Sunflowers: the best varieties and how to grow
Sunflowers' robust nature and blooms beaming with good-natured, bucolic honesty make them worthy of a place in any garden. Writer and gardener Matthew Biggs is your guide to growing sunflowers and chooses his favourite cultivars. Photographs Jason Ingram
The wild sunflower Helianthus annuus, one of 70 species in the genus, is found in any sunny, dry open place, often as a weed in cultivated fields of North America, from the Mississippi and Pacific Coast, south to Mexico and beyond.
Growing up to 4.5m tall it has rough, coarsely toothed, leaves and large, flat, ‘daisy’ flowers in branched clusters atop stiff, green stems.
Cultivated by North American Indians as early as 3000BC for oil, medicine and textile dyes, they were introduced to Europe by the Spanish around 1500. By the 18th century, they were popular in gardens and by 1769 were being developed extensively for cooking oil production, particularly in Russia.
Commercial breeding focussed on producing sturdy, single-stemmed giants with seed-filled heads. Even today, varieties such as Helianthus annuus ‘Russian Giant’ remain unrivalled for height – the tallest on record was 7.5m tall with flowerheads over 30cm in diameter.
Modern varieties tend to look more like wild species: they are shorter, usually slender-stemmed, with branching flowerheads displaying many smaller flowers with variation in the size of the petals and central boss. The palette has diversified from traditional yellow to a host of multicoloured beauties, combining sophisticated hues with simple flowers, many of them pollen-free, blooming over many weeks and lasting well as cut flowers.
They range from dwarf, pollen-free Helianthus annuus ‘Munchkin’, reaching 60cm, its large, green-tinted centre fringed with attractive pale yellow petals, and ideal in pots or at the front of borders, to the imposing Helianthus annuus ‘Taiyo’ – raised in Japan, with robust stems reaching more than 3m, and boasting imposing, single flowers up to 30cm across, with deep orange-yellow petals and a rich chocolate-brown centre.
As they were an inspiration in art, so they are in gardens. Sunflowers may not be the most sophisticated garden plants, but their robust nature and blooms beaming with good-natured, bucolic honesty, make them worthy of a place in any garden – it’s impossible not to respond with a smile.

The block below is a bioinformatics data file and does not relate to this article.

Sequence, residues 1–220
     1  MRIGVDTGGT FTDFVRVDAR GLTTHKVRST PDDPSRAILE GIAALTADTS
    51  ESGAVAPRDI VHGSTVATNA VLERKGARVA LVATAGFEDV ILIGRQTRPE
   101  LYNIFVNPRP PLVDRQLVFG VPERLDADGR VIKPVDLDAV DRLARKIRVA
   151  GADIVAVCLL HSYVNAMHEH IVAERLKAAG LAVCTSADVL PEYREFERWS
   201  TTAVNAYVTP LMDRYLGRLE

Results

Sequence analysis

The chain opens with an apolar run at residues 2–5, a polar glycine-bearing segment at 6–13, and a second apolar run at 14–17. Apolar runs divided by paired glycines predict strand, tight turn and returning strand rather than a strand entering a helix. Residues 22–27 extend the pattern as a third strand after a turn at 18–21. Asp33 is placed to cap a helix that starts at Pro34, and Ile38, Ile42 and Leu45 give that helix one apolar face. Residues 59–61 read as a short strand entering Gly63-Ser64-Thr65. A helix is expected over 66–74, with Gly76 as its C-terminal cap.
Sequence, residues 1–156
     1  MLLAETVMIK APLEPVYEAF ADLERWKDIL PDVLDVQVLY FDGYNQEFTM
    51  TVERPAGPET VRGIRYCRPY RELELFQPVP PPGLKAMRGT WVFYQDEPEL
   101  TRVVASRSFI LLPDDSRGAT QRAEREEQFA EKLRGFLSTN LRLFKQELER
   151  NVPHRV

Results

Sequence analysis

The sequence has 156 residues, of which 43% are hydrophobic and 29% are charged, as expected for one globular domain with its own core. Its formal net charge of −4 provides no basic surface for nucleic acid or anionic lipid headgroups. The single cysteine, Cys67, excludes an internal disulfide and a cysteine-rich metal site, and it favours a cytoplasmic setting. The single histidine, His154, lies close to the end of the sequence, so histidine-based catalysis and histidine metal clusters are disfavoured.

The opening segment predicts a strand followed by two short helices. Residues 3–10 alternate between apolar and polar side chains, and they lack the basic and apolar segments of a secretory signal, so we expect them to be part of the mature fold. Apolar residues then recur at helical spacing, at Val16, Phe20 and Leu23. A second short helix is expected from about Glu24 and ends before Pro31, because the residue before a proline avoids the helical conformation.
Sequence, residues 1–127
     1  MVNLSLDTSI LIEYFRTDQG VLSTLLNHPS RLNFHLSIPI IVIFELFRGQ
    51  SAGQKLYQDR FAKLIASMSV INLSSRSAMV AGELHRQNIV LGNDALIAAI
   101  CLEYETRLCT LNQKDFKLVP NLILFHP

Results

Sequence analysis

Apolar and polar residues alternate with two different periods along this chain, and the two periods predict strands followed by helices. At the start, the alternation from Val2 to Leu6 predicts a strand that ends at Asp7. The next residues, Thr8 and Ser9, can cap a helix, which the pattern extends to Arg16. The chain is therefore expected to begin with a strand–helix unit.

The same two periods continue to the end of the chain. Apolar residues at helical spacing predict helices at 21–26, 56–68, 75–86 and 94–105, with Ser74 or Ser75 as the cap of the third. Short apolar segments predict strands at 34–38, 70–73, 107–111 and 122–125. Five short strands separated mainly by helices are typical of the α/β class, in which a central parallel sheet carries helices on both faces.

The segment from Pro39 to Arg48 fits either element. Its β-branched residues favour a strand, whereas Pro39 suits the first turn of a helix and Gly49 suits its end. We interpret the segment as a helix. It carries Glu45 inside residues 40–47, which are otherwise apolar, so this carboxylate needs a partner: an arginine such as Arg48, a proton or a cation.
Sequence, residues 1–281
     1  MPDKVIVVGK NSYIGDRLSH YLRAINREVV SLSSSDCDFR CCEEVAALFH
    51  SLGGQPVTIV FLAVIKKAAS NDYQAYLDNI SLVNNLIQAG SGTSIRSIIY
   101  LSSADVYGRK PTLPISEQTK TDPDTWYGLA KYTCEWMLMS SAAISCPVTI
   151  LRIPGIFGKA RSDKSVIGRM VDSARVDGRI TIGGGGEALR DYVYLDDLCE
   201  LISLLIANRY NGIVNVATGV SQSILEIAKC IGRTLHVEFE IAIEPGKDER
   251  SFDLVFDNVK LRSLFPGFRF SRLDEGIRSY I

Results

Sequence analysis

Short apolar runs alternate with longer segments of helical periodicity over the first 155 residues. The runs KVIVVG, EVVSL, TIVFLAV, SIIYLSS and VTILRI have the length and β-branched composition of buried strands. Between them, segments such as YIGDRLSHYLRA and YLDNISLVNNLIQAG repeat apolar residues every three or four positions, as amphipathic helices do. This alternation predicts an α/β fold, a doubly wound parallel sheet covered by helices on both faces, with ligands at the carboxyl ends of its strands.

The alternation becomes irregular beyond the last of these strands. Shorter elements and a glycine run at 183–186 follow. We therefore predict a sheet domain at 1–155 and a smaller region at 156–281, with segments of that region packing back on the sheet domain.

How to grow sunflowers
How to grow sunflowers from seed
Sow seed when soil is warm (usually from mid-April) at 5cm deep, with 30cm between rows for small varieties and 45cm for large varieties. Cover seeds with wire mesh to protect them from birds and squirrels. Keep the soil moist and feed tall varieties with a half-strength solution of general liquid fertiliser once they reach a height of 60cm. Make a second sowing two weeks later to extend the flowering season. Plants grow better when sown directly – transplanting tends to check growth and make plants less floriferous.
Where to grow sunflowers
Sunflowers are most successful in an open sunny site on moist, free-draining soil. Growth can be increased by placing them against a sunny wall.
Modern cultivars of sunflower are ideal for filling gaps in borders, grouped among mixed shrub borders, grown alongside informal bedding displays or even in cottage gardens.
Taller varieties make very good temporary screens and are striking grown in graded ranks, with the tallest at the back of a border as transient vibrant colour.
Smaller varieties can be grown in containers and it is worth remembering when placing plants, that the buds follow the sun from east to west but once open, they usually face east.
Caring for sunflowers
Improve the soil by forking in well-rotted organic matter beforehand if necessary. Keep them well watered throughout the growing season, stake tall varieties growing in windy locations, particularly those with large flowers.
How to start sunflowers in pots
Sow seeds singly from March onwards, at a depth of 2.5mm in 7.5cm pots of seed or multipurpose compost. Water thoroughly then cover the pots with clingfilm, place in a clear polythene bag or cover with bubble wrap.